Whether ISIS equals al Qua’ida appears to be a matter of some dispute in Western policy-making circles. The answer depends on the point of the question. Yes, they differ in significant ways, but the real weakness in Western policy toward Muslim societies lies in the failure to see the forest more than in the lack of data about the trees: the psychological constraints inhibiting Western policy-makers from feeling sympathy for Muslims.
The combination of Salafi fundamentalism (in itself an extreme and historically marginal faction within Islam or even just Sunni Islam) with a belief in violence (not coincidentally marching in step with the Western tendency to rely on war as the answer to all disagreements with Muslim societies) is a new threat to global stability arising from a rapidly evolving reinforcing feedback loop between Western behavior and Muslim frustration. This feedback loop is the key to understanding the sudden prominence of violent jihad, a new dynamic powered by the widespread popular feeling among Sunnis that they have no other options. That is the high-level dynamic that must be understood to design an effective Western policy.
One of the most ironic examples of the rapid evolution of Muslim behavior as it responds to Western intrusion is the unification of Zarqawi’s super-extremist Salafis with Saddam’s unemployed, secular officer corps to lead a Sunni revolt riding on the backs of mistreated Sunni civilians to form ISIS–united by their marginalization at the hands of Washington, Tehran, and Baghdad.
One step down, the key dynamic is the speed of Salafi jihadi tactical evolution in contrast to the blind Western insistence on repeating the same failed strategy of trying to bomb people into altering their ideology. As with the highest level dynamic (the reinforcing feedback loop between jihad and Western behavior), tactical adaptation is also a dynamic that characterizes both branches of Salafi jihad.
This is certainly not to equate the two branches of Salafi jihad. For those chasing individuals or those dealing with the tactics of defeating a highly networked gang vs. a geographically-based functioning state, the two are obviously different. Those concerned with underlying ideology will also see numerous distinctions, and the West is unlikely to make easy progress against Salafi jihadism unless it manages to understand such internal jihadi debates as that between ISIS and al Qua’ida theoretician al Maqdisi.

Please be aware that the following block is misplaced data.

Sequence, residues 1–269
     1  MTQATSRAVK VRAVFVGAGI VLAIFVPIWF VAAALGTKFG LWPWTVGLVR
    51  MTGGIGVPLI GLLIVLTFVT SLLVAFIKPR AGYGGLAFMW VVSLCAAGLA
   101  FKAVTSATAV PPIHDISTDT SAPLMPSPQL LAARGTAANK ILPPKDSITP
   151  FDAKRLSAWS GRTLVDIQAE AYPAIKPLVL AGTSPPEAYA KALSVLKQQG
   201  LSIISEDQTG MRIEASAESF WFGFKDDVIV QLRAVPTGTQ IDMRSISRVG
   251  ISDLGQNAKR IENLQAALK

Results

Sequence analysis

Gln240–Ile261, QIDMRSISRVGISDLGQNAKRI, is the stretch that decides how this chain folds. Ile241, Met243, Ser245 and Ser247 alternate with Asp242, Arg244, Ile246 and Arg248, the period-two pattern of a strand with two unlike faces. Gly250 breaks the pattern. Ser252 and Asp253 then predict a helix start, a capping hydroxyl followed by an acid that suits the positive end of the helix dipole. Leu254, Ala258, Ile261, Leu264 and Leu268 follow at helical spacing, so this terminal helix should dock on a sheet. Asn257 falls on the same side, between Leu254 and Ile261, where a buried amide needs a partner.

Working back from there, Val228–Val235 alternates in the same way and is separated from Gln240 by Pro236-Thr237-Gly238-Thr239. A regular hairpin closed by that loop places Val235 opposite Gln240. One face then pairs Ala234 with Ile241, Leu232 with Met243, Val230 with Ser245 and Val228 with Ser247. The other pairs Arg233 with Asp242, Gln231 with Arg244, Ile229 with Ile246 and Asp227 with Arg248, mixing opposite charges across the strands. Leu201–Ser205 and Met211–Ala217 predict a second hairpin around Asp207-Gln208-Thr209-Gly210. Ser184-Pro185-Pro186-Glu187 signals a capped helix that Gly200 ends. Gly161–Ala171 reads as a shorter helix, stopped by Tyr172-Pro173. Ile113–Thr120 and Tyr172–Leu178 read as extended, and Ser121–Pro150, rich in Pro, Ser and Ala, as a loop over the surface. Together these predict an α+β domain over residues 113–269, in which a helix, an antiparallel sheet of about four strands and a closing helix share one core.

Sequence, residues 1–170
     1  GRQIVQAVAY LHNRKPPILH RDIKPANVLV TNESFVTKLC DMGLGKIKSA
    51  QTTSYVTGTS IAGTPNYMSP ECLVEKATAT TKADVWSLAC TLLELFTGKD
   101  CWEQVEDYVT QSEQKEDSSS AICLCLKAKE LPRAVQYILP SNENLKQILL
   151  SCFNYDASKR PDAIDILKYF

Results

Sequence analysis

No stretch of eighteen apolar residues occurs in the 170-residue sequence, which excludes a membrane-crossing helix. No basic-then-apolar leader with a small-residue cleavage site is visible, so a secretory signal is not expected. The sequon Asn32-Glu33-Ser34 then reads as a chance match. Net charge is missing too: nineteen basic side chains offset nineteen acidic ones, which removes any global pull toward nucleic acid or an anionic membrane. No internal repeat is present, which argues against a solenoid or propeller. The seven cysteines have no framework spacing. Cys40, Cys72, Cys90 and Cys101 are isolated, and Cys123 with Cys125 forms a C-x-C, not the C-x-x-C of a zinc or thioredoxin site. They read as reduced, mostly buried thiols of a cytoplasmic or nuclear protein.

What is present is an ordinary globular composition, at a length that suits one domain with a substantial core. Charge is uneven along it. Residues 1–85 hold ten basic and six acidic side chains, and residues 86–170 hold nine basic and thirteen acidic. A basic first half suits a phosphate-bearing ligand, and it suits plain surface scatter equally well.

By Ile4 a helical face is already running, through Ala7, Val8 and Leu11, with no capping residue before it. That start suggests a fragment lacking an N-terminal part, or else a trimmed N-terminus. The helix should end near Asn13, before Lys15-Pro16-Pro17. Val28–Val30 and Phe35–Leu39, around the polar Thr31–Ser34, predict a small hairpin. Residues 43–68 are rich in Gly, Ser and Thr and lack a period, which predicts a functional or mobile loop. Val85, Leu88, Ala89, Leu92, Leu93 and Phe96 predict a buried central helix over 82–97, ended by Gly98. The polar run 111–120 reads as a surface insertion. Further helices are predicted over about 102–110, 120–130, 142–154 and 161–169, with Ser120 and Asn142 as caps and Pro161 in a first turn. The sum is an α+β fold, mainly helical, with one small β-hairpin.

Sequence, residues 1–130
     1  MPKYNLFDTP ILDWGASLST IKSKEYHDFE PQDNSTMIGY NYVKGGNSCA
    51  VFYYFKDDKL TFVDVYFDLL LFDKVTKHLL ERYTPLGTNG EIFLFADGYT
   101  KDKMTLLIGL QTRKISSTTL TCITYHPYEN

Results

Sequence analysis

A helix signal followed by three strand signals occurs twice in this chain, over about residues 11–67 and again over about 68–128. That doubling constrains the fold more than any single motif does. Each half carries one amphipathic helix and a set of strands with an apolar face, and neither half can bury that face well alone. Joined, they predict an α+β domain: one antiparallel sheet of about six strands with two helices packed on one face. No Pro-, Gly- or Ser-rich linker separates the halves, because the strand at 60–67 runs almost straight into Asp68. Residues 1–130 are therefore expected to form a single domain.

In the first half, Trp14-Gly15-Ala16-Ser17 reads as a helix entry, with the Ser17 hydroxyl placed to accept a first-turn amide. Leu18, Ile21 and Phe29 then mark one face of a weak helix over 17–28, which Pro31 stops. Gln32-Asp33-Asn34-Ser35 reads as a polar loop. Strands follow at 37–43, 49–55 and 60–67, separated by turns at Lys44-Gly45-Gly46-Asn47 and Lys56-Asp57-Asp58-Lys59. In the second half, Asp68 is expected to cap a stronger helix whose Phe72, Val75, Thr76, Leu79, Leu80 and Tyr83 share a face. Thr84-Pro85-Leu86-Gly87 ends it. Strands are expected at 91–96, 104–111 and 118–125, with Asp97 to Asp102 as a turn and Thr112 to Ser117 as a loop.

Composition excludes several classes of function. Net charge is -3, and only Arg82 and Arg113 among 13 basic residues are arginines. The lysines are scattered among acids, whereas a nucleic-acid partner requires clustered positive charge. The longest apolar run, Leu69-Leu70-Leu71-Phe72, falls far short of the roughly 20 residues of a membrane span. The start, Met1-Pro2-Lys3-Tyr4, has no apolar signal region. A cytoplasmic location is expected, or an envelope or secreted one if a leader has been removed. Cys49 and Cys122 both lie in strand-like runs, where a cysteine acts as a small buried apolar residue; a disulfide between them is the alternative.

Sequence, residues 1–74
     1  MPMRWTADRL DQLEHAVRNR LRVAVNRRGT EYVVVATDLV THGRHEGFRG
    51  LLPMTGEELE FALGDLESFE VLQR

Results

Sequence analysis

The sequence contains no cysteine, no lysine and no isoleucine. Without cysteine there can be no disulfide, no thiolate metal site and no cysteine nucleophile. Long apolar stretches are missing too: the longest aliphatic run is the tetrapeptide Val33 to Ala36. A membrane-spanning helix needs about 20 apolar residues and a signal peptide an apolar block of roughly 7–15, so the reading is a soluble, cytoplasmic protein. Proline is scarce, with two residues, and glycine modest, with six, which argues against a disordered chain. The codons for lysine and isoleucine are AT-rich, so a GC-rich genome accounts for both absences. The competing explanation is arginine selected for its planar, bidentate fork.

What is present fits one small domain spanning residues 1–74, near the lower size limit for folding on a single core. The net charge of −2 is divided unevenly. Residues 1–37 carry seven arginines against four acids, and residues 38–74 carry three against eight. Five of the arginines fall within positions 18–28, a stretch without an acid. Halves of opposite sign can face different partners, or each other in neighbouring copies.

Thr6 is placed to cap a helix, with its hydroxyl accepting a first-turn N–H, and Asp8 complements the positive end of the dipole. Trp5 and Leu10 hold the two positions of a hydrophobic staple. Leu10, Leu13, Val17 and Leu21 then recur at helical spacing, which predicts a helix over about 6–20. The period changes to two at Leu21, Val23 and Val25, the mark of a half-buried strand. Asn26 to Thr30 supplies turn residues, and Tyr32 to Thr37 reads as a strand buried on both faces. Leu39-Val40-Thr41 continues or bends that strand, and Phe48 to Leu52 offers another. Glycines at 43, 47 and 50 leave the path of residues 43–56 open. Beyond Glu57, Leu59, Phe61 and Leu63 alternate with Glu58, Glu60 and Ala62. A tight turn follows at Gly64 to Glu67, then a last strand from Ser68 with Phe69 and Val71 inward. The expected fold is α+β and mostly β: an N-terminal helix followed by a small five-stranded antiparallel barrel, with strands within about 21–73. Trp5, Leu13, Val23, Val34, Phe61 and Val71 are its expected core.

Strategically, however, the contextual similarities Western leaders tend to find too embarrassing to recognize are the key to creating effective policy to counter the growing Salafi challenge. These contextual similarities include:
a lack of Western sympathy for peaceful Muslim political protests;
a typical Western response, once Muslim protest attracts Western attention, based not just on force but on utterly out-of-proportion force that punishes the already victimized Muslim society;
a tendency to think short-term, exploiting extremism in Muslim societies for short-term political gain, akin to allowing a forest fire to rage in order to roast marshmallows;
and finally the apparent inability of Western politicians to understand how easily an insurgency can trap an unwitting adversary into defeating itself by thrashing wildly, causing widespread civilian casualties, and pushing those frustrated citizens further into a corner.
The result is the now familiar pattern of empowering extremists: the rise of Hamas because the calls of Palestinians for freedom were ignored; the rise of Hezbollah because Lebanon’s fate at the hands of the Israeli invaders was ignored; Maliki’s Iranian-backed discrimination against Sunnis pushing them into the arms of the joint rebellion of ISIS and the remnants of Saddam’s officer corps; the rising influence of Salafi extremism in the Syrian and Yemeni civil wars as the doors of peaceful democratic action to address the grievances of both Sunnis and Kurds in Syrian as well as Houthis in Yemen were slammed shut, one after another.
The West could in principle simply “do no harm:” avoid interfering, buy oil from those who wish to sell it or go without, and never–ever–sell arms or provide military training or supply intelligence to a regional regime. Not only is this degree of self-control beyond imagination, it is morally questionable. Few are the regional regimes so pure that they have the moral right to demand full sovereignty over their citizens (“state sovereignty” is a concept that emerged out of desperation to stop Europe’s own period of sectarian madness called the Thirty Years’ War, not a concept adopted because it is remotely just). Moreover, many in the West would argue that its principles (if not very much of its behavior) are a gift that should be actively offered, not just passively displayed. If the West is to take the risk of promoting the rule of law, civil liberties, and non-sectarian principles of governance, then that offering of gifts must, to be effective, be made sympathetically to avoid the charge of self-serving hypocrisy.
The core weakness of Western policy toward the Muslim world is the psychological inability of Western policy-makers to feel sympathy for Muslims.